And this is not a moralizing body of work. Not a massive push back against the media or celebrity or glamour. The work does not romanticize the true and the real while railing against the inauthentic and the mediated. Instead, :mentalKLINIK explore new languages and alternative textures of pleasure and dynamism and they play with colorful reflective surfaces, billboard type signs and rhetorical operations. They try to hijack the never ending celebration that stands in for finance capitalism’s greed and exclusivity and they do so in order to reflect upon the meaning of glitter and glamour in the aftermath of economic collapse. In one piece their previous show ‘That’s Fucking Awesome’ a work titled Moet featured titled “Moet”, large-scale twist off tops from champagne bottles that lay strewn on the gallery floor like remnants from a party hosted by giants. The giants here are not simply celebrities or the famous, the giants are the mammoth banks that are “too big to fail,” and that turn their success into our catastrophic loss. In another :mentalKLINIK piece, “Double Cherry,” a black lacquered sculpture elevates the garnish of an alcoholic beverage into a shiny signifier of excess and a twisted monument to the end of art and the arrival of the art market.
Candy colored reflective spheres abound in this show, and the spectator is captured by a soundscape of ring tones and communicative alerts. The sounds in FOMO, a layered, subcutaneous noise sculpture, are designed to trigger the spectator into that stand by mode of attention that we all maintain now in relation to our gadgets – at any moment, we may be called – not by a person but by the machine itself telling us that is it time…time for a meeting, time to prepare for an event, time to take a pill, to leave the house, to exercise, time to set another alert. We may be called from one event to another by the buzz of FOMO or the “fear of missing out” that lends its name to this buzzing landscape of sound without fury. And as the event to which we have been alerted begins to transform from “the place to be” to the place from which you are missing another more relevant event, we start to lose the sense of ecstatic celebration and enter into another state that these installations frame and name as disappointment, disappearance, disorientation and disassociation.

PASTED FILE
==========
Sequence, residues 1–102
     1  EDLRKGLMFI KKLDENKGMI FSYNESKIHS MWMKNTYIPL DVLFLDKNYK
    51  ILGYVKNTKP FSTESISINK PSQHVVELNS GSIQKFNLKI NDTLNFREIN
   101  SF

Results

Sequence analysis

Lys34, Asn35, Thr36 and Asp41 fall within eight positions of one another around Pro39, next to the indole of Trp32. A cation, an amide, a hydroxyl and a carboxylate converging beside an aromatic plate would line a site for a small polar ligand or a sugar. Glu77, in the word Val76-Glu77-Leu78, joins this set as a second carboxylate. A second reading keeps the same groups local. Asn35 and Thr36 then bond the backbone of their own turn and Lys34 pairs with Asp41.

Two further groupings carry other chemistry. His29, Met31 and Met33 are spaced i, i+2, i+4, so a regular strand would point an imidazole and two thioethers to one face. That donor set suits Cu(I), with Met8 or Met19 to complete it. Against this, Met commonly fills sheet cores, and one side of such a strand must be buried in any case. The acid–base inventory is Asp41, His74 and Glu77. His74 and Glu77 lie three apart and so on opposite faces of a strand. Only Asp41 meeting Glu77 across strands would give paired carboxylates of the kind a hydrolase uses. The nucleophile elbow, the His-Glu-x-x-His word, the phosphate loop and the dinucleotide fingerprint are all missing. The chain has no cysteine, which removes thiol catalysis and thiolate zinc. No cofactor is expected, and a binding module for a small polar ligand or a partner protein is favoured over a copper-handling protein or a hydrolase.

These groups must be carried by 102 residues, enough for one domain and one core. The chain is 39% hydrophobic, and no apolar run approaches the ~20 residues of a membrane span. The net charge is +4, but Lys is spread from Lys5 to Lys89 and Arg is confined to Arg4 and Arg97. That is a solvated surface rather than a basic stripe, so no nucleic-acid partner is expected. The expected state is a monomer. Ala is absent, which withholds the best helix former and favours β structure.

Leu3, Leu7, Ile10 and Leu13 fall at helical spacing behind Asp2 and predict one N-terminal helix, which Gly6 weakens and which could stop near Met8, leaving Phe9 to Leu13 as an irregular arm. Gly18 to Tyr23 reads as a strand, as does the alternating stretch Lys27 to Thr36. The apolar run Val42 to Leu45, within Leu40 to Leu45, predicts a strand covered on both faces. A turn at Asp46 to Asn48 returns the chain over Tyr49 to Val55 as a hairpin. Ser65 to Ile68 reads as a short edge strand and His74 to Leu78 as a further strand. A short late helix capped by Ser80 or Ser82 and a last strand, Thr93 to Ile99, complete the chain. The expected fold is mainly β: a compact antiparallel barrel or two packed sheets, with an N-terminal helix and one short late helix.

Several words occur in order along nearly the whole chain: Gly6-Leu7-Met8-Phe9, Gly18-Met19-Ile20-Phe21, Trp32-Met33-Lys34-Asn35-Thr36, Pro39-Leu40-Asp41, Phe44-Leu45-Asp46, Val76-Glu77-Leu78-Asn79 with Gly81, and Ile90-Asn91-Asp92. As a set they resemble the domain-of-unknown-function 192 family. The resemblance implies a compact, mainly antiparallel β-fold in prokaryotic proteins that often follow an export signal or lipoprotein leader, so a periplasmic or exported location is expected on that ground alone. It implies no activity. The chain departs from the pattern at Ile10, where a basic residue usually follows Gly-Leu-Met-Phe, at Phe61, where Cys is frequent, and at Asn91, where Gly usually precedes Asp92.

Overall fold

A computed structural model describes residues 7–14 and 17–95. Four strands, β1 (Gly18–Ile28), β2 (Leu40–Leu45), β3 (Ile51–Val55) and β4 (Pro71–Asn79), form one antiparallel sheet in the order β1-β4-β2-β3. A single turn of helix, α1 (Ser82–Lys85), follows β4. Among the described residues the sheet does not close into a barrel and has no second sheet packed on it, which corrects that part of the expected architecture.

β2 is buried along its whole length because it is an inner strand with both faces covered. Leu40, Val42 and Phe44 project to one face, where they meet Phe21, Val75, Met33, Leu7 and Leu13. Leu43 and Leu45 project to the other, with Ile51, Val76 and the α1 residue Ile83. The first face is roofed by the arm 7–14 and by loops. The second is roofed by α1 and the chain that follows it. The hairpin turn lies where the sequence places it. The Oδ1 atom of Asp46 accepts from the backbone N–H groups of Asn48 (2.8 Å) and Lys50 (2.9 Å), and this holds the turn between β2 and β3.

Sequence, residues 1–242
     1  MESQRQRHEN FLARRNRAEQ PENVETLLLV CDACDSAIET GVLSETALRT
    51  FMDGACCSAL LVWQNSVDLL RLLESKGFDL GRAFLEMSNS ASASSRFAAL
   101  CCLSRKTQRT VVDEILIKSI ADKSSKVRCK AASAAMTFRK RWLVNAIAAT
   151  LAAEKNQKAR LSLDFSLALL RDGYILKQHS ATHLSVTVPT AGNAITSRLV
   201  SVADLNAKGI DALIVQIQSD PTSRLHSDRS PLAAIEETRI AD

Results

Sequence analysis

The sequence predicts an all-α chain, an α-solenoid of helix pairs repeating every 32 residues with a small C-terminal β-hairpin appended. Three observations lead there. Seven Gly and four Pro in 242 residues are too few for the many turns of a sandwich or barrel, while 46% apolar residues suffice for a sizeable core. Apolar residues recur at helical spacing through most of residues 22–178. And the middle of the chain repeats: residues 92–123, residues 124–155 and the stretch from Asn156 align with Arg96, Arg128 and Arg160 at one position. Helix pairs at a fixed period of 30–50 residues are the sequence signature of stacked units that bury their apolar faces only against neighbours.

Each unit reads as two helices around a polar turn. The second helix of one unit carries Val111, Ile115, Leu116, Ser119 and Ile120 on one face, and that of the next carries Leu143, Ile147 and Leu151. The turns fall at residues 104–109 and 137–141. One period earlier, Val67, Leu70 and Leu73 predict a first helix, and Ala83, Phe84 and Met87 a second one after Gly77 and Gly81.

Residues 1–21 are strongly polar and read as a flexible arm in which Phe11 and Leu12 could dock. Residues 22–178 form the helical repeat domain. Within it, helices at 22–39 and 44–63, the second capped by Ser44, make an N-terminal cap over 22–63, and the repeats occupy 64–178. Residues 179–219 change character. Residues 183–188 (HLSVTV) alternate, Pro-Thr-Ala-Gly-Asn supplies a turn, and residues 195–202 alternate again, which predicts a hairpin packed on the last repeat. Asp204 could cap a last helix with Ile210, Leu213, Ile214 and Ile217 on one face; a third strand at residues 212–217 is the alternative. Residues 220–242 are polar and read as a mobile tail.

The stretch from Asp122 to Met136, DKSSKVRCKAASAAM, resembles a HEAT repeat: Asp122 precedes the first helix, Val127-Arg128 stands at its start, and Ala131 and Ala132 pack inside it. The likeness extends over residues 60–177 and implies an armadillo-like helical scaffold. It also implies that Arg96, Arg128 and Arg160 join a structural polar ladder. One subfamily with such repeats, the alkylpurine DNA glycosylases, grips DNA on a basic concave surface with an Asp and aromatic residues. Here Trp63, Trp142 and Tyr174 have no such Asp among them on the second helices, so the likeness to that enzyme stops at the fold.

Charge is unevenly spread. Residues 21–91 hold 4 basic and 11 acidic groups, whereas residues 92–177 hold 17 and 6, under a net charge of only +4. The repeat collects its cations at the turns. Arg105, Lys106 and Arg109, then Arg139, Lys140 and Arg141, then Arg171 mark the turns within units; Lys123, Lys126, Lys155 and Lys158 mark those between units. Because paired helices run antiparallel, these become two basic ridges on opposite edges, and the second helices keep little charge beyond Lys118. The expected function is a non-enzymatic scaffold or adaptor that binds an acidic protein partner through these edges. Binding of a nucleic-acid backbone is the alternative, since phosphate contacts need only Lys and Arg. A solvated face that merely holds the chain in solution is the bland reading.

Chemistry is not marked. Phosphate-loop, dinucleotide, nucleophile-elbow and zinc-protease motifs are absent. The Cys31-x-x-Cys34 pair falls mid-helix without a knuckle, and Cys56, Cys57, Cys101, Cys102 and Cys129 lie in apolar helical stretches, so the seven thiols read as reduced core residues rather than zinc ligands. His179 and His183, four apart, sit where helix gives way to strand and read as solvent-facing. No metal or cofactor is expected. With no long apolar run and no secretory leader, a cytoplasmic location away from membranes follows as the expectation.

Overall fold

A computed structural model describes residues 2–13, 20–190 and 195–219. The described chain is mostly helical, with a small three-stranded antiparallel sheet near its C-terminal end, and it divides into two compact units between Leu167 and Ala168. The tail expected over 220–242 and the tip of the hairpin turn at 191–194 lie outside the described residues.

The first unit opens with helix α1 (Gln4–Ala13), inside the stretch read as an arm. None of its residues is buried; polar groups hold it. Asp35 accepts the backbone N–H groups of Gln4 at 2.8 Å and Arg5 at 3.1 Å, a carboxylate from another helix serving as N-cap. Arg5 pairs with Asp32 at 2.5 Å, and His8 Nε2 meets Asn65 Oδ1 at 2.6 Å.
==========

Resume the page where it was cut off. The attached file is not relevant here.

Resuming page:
If disorientation, as Jameson suggested way back at the dawn of postmodernism, is the inability to cognitively map space and time in a new era of full-time consumption, then nowadays in what some are calling post-postmodernism, disorientation is simply a way of being in the world. We no longer seek to understand, to know, to explain, we just try to stay upright, stay above water, stay afloat. And part of what has disoriented the human subject in this era of collapse and crisis, is an increasingly confused sense of what we should be fighting for and who we should be fighting with. In addition to the scrambling of political options, we are also surrounded by new relations between subjects and objects. These objects, which transform before our eyes through the magic of commodity fetishism, make star appearances in :mentalKLINIK’s work as mannequins, words, sounds and mirrored surfaces.